Cybersquatting is the act of obtaining a fraudulent registration of a domain name by pre-emptively registering and blocking valuable domain names so that they may be sold later to the lawful owner of the name at a premium price.  Where the person who has blocked a domain is not using it or has no direct nexus to the name but has done so with the sole intention of making illegal monetary gains out of such blocking of domain name, the same is cyber squatting.

The remedy for the same lies with the domain dispute resolution methodology adapted by each domain. For instance .com domain name disputes will be resolved by the World Intellectual Property Organisation (“WIPO”).

If any person publishes, transmits or captures pictures, videos or films the private parts of another person knowingly, when the other person had a reasonable expectation of privacy then his/ her privacy has been violated. The definition of private parts has been limited to naked or undergarment clad genitals, pubic area, buttocks or female breast.

Even if a person consents to the recording of nude or semi-clad pictures or videos it would still be an offence to publish or transmit such content for which consent may not have been obtained.

Violation of privacy is punishable under Section 66 E of the Information Technology Act, 2000 (as amended) (“IT Act”).

It is a process by which cyber criminals manage to gain access to the banking or personal details of innocent victims through fake emails or websites. The cyber criminals usually pretend to be a legitimate association like a bank or an insurance company, in order to deceive the victims and extract confidential information such as financial information, personal data.

Vishing is merely another form of phishing, where fraudulent phone calls are made to collect the same data by people claiming to be from banks or financial institutions.

Early trends of this crime also referred to as a Nigerian 419 scam used to tempt victims through emails claiming that they have won a lottery or got an inheritance and obtain money from them for alleged administrative costs. Once a person takes the bait more and more money would be siphoned out on various pretexts. Prevention is in most instances the only cure and victims ought to be careful of such scams.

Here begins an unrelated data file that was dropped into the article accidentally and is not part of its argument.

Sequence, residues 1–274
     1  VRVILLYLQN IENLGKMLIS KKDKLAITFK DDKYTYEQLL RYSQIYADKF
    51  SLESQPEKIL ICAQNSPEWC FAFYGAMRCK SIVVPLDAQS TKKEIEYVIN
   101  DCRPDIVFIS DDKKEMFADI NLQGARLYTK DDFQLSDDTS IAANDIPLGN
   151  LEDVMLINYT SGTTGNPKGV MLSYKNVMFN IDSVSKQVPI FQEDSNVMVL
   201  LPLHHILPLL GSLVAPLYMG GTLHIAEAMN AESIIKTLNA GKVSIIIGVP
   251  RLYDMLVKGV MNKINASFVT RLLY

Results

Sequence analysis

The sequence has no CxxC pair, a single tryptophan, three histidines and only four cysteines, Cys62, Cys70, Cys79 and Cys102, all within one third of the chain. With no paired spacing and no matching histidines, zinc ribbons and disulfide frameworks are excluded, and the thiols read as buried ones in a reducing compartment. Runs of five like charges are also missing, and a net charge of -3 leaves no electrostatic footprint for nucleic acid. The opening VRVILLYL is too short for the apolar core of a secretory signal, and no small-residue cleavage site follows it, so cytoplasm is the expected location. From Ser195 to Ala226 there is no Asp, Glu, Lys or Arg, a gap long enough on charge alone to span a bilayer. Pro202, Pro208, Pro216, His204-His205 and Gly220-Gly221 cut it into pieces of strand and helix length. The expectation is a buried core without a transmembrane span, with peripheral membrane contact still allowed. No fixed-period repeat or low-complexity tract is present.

These have evolved to distress calls from traveling relatives or friends who have allegedly lost their passports and purses. Or as prizes for recent purchases, which in most instances would seem genuine as data is first captured by such scamsters and very believable scenarios are then built to dupe victims. 

Job scams are another easy bait adapted by Criminals. Job scams impact the bottom of the pyramid – it targets aspiring youngsters and parents, who believe that a dream job would be with a multinational company (“MNC”), especially for Information Technology jobs. Victims may receive calls or emails or SMS offering employment opportunities with MNCs. Very authentic looking letterheads or even genuine seeming phone numbers would be used. These may be cases where an insider within a big company may have been compromised or their telephone systems compromised. Candidates with stars in their eyes go through the process and after giving them the promise of employment, the scam kicks in – demands are made either in the name of security deposit or as expenses for administrative process (these are just illustrative. Criminals have been very innovative in coming up with genuine sounding reasons for payments and any such demand should be a warning for aspirants). These may start with small amounts, which then keep growing large in some instances and in some others demands for one shot large payments to private accounts of the criminals.

Victims are warned to be cautious of such job scams of telephonic interviews and for deposits in advance. In general, large and multinational companies do not ask prospective employees to deposit amounts and do not conduct interviews by telephone. Verifying in person with the Human Resources Department, meetings at the office premises and receipt of signed job offers in person are some ways to avoid such scams. These scams are very highly evolved where the phone numbers may match with those on contact pages of large companies displayed online; the letterheads may look genuine of offers; very official sounding persons will conduct interviews online or through telephones. All of these cannot be sufficient for victims to fall prey. They have to verify further before parting with hard – earned money.

More evolved scams presently are of hacking of websites to modify contact details and to scam those calling such modified contact numbers to part with substantial payments. Whenever a scamster seeks payments online or through digital means it is imperative for the users to verify genuineness irrespective of where they obtained the contact details or how genuine it may appear.